• Weaken data protection rights and undermine the independence of the UK Data Protection Authority. Loopholes could be exploited by UK state departments to covertly circumvent their obligations under the Withdrawal Agreement. The Withdrawal Agreement includes certain obligations regarding the immigration status of EU nationals residing in the UK and their access to social security. However, the Home Office have adopted a digital-only immigration-status policy, while the Department of Work and Pensions have been automating systems to detect fraud and process benefits applications. EU nationals who reside in the UK may lose or find it difficult to understand or contest a decision that affects their right to residence or social security

What could go wrong?

The United Kingdom benefits from an adequacy decision, granted by the European Commission, that allows personal data to be transferred from the European Union to the UK without additional safeguards or restrictions. The Commission adopted this decision at the end of the Brexit implementation period, on the basis that the UK inherited EU data protection rules in the form of “retained EU law”.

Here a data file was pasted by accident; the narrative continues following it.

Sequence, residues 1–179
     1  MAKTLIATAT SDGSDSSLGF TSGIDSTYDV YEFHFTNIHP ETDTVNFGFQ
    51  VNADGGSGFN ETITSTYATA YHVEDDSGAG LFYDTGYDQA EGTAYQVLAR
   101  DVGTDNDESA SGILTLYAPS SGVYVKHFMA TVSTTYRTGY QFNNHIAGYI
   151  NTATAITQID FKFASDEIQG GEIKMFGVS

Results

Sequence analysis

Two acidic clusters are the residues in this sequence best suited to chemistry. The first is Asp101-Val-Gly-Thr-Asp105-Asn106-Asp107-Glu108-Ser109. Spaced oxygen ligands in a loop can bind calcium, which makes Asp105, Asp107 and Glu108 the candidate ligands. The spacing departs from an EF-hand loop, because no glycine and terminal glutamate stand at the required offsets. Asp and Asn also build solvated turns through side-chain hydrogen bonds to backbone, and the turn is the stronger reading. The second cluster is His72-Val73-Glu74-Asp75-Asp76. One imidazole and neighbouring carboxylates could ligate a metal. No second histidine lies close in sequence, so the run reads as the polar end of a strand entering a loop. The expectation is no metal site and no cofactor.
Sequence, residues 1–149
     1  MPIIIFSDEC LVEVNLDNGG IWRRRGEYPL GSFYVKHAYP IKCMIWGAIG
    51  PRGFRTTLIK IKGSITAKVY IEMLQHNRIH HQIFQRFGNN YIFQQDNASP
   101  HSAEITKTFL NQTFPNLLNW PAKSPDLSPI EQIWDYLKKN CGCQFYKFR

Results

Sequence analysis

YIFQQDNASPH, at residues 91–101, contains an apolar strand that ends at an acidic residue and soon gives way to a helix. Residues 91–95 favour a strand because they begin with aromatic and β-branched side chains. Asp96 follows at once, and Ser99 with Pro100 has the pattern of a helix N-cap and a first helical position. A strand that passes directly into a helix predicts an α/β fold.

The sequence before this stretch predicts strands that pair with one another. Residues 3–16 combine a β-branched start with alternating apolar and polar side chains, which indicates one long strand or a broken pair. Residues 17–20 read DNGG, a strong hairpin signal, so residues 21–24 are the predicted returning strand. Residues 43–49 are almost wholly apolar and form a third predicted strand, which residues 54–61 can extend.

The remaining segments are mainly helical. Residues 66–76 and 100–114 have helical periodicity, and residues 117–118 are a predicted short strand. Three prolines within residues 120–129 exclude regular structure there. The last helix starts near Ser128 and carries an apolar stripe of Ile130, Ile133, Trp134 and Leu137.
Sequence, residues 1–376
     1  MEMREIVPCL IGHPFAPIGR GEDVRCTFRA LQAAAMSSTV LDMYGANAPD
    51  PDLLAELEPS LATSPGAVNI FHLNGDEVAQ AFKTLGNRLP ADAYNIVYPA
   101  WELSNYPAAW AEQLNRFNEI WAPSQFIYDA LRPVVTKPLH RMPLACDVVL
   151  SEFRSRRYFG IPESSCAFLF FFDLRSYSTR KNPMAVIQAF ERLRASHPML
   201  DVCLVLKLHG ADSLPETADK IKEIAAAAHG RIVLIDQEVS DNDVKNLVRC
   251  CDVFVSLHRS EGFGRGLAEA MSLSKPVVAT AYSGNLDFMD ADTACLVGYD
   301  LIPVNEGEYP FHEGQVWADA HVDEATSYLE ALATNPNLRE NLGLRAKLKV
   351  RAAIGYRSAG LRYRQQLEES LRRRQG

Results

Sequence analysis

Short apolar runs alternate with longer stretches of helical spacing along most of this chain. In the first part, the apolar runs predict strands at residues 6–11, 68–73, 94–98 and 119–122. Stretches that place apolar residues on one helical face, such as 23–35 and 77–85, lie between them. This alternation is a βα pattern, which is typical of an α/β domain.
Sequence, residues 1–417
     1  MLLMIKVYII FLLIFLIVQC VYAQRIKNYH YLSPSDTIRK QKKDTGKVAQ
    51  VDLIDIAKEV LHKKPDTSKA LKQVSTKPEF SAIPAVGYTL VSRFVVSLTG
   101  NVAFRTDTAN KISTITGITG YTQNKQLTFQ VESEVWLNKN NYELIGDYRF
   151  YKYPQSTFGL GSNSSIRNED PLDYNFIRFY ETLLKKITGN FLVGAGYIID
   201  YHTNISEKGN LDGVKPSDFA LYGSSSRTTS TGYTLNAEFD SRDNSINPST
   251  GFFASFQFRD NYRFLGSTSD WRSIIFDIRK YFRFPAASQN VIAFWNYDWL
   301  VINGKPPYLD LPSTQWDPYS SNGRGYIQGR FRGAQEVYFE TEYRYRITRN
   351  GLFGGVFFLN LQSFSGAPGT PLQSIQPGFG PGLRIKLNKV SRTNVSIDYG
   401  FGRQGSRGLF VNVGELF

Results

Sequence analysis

This decision will expire on June 2025, and the Commission have stated that they are ready to intervene at any point “if the UK deviates from the level of protection currently in place”. However, the data protection reform is one among many legislative initiatives that threaten this status quo: the UK Government already announced plans to “unshackle UK Courts” from the European Court of Human Rights and the Council of Europe system, as well as to introduce a sunset clause that would see all EU retained or derived laws expiring automatically by the end of 2023.